Historic Downtown Abbeville, Alabama
Location in Henry County and the state of Alabama
|• Mayor||James Giganti Jr.|
|• Total||15.6 sq mi (40.4 km2)|
|• Land||15.5 sq mi (40.3 km2)|
|• Water||0.1 sq mi (0.1 km2) 0.32%|
|Elevation||449 ft (137 m)|
|• Density||192/sq mi (74.1/km2)|
|Time zone||CST (UTC-6)|
|• Summer (DST)||CDT (UTC-5)|
Abbeville is a city in Henry County, Alabama, United States. It is part of the Dothan, Alabama Metropolitan Statistical Area. At the 2010 census, the population was 2,688. The city is the county seat of Henry County. It is the first city alphabetically, both by city and state, in the Rand McNally Road Atlas. It is home to two high schools: Abbeville High School and Abbeville Christian Academy. It holds chapters of the Red Cross and Habitat for Humanity.
Abbeville is located at Coordinates: (31.566367, -85.251300). The city is located in southeastern Alabama along U.S. Route 431, Alabama State Route 10, and Alabama State Route 27 approximately 25 mi (40 km) northeast of Dothan and 23 mi (37 km) south-southwest of Eufaula.
According to the U.S. Census Bureau, the city has a total area of 15.6 square miles (40 km2), of which, 15.6 square miles (40 km2) of it is land and 0.1 square miles (0.26 km2) of it (0.32%) is water.
The climate in this area is characterized by hot, humid summers and generally mild to cool winters. According to the Köppen Climate Classification system, Abbeville has a humid subtropical climate, abbreviated "Cfa" on climate maps. 
Abbeville is the oldest remaining colonial settlement in East Alabama from Florida to the Tennessee line. Its older than the county of Henry and the State of Alabama. The city was named for "Abbe", a local Muscogee Indian man at the time of the town's settlement. The name means "a grove of dogwood trees". An active trading post was located in Abbeville in Alabama Territory early in 1819. The first settler gateway to the wiregrass was at Franklin located fourteen miles west of Abbeville.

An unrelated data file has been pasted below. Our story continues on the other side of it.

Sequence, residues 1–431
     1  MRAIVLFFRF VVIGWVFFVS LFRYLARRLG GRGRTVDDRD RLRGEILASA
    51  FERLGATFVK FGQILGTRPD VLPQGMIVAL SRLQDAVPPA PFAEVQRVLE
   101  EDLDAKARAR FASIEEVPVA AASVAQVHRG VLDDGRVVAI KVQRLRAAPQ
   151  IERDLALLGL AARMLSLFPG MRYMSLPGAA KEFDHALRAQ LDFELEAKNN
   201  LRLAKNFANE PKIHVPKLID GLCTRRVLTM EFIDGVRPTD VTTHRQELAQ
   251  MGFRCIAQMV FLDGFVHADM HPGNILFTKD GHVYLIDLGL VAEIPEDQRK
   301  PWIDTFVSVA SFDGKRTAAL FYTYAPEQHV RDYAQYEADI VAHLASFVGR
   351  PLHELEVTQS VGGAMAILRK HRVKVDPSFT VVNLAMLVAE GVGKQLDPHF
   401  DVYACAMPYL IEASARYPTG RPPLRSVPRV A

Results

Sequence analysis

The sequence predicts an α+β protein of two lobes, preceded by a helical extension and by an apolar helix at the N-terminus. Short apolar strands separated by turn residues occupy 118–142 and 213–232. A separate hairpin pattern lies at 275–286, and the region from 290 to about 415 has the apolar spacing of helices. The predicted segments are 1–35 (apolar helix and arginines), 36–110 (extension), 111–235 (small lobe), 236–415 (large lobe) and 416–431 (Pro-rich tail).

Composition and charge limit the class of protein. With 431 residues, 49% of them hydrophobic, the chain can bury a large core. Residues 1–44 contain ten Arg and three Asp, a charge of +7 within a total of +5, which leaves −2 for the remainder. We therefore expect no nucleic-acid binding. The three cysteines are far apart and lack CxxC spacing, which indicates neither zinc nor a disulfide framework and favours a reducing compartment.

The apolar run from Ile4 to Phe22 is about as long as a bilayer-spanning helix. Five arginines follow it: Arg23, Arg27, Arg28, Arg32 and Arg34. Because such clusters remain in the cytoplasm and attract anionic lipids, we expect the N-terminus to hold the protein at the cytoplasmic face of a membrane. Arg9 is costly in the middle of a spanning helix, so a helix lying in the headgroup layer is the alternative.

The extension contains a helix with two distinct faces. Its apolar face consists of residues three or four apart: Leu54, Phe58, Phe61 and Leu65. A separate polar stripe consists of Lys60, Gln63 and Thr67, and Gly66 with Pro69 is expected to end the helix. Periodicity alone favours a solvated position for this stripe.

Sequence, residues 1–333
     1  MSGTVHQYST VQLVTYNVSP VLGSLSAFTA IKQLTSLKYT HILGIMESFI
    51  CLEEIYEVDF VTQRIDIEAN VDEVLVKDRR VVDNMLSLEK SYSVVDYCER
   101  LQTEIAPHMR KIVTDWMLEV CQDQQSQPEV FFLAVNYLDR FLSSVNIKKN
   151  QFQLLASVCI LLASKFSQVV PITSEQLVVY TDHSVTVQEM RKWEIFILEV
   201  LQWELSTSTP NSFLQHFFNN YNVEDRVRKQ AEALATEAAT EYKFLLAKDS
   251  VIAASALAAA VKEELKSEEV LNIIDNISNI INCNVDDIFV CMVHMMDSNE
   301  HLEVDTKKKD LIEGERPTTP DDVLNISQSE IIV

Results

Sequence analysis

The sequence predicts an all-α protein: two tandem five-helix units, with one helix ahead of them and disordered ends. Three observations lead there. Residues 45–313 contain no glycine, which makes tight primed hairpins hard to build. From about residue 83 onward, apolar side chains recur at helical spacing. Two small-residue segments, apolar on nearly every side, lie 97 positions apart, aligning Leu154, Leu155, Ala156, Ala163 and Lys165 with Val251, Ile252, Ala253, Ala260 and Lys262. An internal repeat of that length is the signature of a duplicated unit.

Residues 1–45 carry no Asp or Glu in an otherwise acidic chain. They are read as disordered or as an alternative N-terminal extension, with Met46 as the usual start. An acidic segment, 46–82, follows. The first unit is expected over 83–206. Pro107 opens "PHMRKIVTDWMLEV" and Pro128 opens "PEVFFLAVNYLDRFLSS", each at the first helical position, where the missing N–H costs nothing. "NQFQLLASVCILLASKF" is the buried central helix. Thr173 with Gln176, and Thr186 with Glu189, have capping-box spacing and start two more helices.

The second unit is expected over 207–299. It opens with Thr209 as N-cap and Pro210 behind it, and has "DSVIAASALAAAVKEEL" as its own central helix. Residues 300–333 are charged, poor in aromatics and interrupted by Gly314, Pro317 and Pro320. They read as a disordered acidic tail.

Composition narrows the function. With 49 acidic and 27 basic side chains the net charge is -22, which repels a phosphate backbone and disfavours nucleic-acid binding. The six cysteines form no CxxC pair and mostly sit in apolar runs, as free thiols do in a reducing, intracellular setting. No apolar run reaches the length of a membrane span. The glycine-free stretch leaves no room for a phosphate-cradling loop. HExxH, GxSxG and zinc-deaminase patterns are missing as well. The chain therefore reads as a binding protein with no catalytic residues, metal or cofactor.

In 1944, an activist African-American woman, Recy Taylor, was gang-raped by six white men. Even though the men admitted the rape to authorities, two grand juries subsequently declined to indict the men (as documented in the book, At the Dark End of the Street). From a historic point of view, "The Recy Taylor case brought the building blocks of the Montgomery bus boycott together a decade earlier."
In 1950 Abbeville had a population of 2,162.
|U.S. Decennial Census
As of the census of 2000, there were 2,987 people, 1,172 households, and 787 families residing in the city. The population density was 192.0 people per square mile (74.1/km²). There were 1,353 housing units at an average density of 86.9 per square mile (33.6/km²). The racial makeup of the city was 56.65% White, 39.94% Black or African American, 0.07% Asian, 2.85% from other races, and 0.50% from two or more races. 3.52% of the population were Hispanic or Latino.
There were 1,172 households out of which 27.2% had children under the age of 18 living with them, 45.8% were married couples living together, 17.8% had a female householder with no husband present, and 32.8% were non-families. 30.8% of all households were made up of individuals and 17.4% had someone living alone who was 65 years of age or older. The average household size was 2.41 and the average family size was 3.01.